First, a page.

My encounter with this overlooked community in Chinese history in France was the starting point of this project. Over time, fragments of their stories converged into a sea of memory, like trickles of water. I gradually formed an image of French Indochina in the 1970s, when the Chinese diaspora played an important role in the economy and politics of South Asian countries. Their hard work in foreign countries and their loyalty to the Chinese culture, however, did not help them to escape from the time’s turbulent situation. China’s shattering silence in the face of such extreme violence caused many of this community to lose their relatives and become political Homo Sacer.

 

The world seems real to us because it is equally inhabited by others. The presence of “the Other” cross-references our own existence, both in reality and in our imagination. As Arendt claims: “No human life, not even the life of the hermit in nature's wilderness, is possible without a world which directly or indirectly testifies to the presence of other human beings.” During the reign of the Khmer Rouge, the entire country was locked inwards, leaving behind very few images. As a result, we construct a collective imagination of the lost history according to two extreme forms of narrations—the propaganda videos that were made during the Khmer Rouge period and the disaster videos that were spread throughout the world after the fall of the regime. Together, these two collective narratives render the history of this peculiar time into a virtual reality imagined by the people it touched. Many survivors lucky enough to escape would never know what happened to their loved ones, and their truths remain buried. 

 

Instead of showing reality through images, we often try to reimagine the former by creating the latter. The narration of the film starts with the memory of a Chinese witness who lost almost all of his family members during the tragic Khmer Rouge regime. The real-time simulation generated by a game engine and the resulting 3D presentation attempts to illustrate the process of reconstructing memory, which ends up crafting a subjective imagination that continues to produce the present. Never can the few existing archival images be taken as references for memories to depict such a great tragedy. They are ghosts with distinctive textures. They don’t speak with their own voice, but rather meet our gaze in the virtual space that emerges when we look deep into the past.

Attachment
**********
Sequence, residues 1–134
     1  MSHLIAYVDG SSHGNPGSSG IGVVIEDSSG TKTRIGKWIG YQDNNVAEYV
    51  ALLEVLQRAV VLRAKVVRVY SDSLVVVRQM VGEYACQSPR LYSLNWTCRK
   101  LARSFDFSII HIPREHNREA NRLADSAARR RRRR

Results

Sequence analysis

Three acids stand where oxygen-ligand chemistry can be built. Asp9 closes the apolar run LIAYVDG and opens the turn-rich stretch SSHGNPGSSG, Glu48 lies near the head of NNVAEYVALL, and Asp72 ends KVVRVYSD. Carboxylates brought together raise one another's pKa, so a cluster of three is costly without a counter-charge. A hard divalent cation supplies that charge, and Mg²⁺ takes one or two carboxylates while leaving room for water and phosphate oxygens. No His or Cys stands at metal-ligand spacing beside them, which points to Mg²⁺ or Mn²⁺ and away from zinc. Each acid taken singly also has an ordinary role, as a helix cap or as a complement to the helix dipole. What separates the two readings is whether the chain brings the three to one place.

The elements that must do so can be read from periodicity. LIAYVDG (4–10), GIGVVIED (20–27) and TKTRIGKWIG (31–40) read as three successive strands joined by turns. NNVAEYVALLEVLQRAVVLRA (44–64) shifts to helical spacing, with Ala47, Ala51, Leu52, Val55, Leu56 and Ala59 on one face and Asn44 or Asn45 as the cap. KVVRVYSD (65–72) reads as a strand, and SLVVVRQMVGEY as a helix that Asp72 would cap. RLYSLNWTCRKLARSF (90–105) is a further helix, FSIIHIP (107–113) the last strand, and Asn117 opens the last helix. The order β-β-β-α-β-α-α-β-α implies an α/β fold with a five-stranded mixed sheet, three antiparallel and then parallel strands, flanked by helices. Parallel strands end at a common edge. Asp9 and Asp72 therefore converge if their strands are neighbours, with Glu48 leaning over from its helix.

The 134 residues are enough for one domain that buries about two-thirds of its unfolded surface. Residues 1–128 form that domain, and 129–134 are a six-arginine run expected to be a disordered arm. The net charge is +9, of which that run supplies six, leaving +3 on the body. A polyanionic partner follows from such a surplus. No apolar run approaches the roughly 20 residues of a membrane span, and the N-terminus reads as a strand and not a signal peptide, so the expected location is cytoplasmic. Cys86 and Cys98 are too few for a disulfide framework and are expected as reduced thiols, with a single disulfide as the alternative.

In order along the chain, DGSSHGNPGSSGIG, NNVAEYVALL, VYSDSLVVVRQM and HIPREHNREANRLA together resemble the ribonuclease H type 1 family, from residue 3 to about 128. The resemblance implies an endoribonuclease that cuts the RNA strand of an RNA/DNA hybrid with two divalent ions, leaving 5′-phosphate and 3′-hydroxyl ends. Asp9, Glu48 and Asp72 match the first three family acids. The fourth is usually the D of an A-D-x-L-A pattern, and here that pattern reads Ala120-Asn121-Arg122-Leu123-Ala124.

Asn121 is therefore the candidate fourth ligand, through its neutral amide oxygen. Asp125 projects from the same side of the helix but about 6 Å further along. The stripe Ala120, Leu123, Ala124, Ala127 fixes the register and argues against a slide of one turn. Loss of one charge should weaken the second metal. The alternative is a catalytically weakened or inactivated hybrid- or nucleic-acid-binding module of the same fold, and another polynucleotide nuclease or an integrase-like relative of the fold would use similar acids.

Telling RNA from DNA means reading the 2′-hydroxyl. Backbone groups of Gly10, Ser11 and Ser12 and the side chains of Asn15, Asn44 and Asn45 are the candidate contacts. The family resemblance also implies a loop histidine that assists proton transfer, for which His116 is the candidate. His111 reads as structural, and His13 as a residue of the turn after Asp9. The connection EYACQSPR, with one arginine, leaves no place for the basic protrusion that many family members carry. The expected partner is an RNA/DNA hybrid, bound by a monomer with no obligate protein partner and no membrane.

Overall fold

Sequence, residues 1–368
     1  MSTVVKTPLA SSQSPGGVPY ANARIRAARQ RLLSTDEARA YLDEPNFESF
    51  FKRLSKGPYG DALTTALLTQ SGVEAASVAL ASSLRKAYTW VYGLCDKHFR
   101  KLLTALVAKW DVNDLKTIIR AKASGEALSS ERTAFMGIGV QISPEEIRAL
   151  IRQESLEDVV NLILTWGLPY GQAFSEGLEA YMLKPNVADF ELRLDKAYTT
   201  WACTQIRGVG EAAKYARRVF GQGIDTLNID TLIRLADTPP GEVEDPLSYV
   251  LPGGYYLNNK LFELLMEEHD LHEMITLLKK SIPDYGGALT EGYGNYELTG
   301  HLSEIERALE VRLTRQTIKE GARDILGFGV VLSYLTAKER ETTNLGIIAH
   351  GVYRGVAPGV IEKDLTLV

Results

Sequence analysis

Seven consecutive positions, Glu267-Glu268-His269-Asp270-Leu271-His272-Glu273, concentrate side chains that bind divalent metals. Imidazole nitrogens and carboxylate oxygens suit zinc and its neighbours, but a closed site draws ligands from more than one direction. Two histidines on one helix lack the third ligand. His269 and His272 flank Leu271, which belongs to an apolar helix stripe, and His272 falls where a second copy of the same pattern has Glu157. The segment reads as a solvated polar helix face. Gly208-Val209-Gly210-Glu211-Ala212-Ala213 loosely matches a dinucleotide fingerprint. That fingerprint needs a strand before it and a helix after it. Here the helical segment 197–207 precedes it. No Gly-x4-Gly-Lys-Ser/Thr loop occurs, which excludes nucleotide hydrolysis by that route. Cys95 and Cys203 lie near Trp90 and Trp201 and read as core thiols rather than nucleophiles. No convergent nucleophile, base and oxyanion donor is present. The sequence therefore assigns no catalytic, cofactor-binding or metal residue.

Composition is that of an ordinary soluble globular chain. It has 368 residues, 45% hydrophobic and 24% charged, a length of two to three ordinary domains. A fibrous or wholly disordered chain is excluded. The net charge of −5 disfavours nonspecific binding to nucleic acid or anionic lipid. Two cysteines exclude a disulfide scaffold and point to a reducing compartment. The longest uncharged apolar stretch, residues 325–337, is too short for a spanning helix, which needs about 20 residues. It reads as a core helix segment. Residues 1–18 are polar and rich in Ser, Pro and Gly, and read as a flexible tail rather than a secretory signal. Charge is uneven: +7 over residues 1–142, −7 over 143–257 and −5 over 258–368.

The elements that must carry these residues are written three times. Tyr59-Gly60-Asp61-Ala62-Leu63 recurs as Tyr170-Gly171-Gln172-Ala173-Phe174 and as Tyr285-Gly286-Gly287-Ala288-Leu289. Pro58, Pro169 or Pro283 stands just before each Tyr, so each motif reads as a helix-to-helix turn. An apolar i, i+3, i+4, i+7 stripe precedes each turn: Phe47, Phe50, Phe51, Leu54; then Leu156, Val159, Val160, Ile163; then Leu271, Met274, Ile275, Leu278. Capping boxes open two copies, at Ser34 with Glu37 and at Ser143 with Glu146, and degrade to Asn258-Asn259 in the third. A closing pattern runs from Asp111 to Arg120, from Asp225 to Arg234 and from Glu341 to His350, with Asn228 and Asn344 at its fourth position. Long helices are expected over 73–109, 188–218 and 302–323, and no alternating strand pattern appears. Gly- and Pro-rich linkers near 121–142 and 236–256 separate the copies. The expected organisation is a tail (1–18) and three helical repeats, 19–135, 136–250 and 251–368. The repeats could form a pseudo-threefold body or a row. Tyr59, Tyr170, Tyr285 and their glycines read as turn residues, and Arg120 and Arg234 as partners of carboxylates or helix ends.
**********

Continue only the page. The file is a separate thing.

The contrast between archival footage and 3D reconstruction in the film shows the role of the medium itself in storytelling and reveals how it interweaves our memory with history when attempting to document human conditions and traumas. The goal is not to pass judgment on history through the mixture of 3D and archive, but to provide a space to catalyze a conversation between the past and the present, where the past can seek to be the present again.

 

The rapid growth of technology and media has changed the way we describe and interact with the world. It also shapes the way we see the future. Regardless of how the world or the human species evolves, we will continue to tell stories, to fight against oblivion, and to keep searching for and acknowledging individual identities, until a forest surges from the sea.

vimeo.com/458623626

Director: Guangli Liu

Image: Pauline Sicard

Assistant: Wenli Li  

Voice-over: Wenliang Xu

Animation: Huimin Wu, Guangli Liu

Image editing: Ismaël Joffroy Chandoutis, Léo Guillaume, Yuyan Wang, Guangli Liu

Sound editing: Martin Delzescaux, Inoa Kan

Sound mixing: Martin Delzescaux  

Music: Yoann Helynck

Produced by Le Fresnoy – Studio national des arts contemporains

Special thanks to: Wenliang Xu, Anna Katharina Scheidegger, Bertrand Gadenne , Davy Chou, Sopheap Chea, INA, Bophana Center, Kronophage

Guangli LIU (CN) is a Chinese artist born in 1990. He graduated from Villa Arson in Nice in 2017. Passionate about image-making, Guangli has developed an art practice around painting, video art, 3D animation, and virtual reality. His works attempt to question how the digital medium fits into contemporary storytelling and the reconstruction of our collective memory.

Guangli LIU (CN) is a Chinese artist born in 1990. He graduated from Villa Arson in Nice in 2017. Passionate about image-making, Guangli has developed an art practice around painting, video art, 3D animation, and virtual reality. His works attempt to question how the digital medium fits into contemporary storytelling and the reconstruction of our collective memory.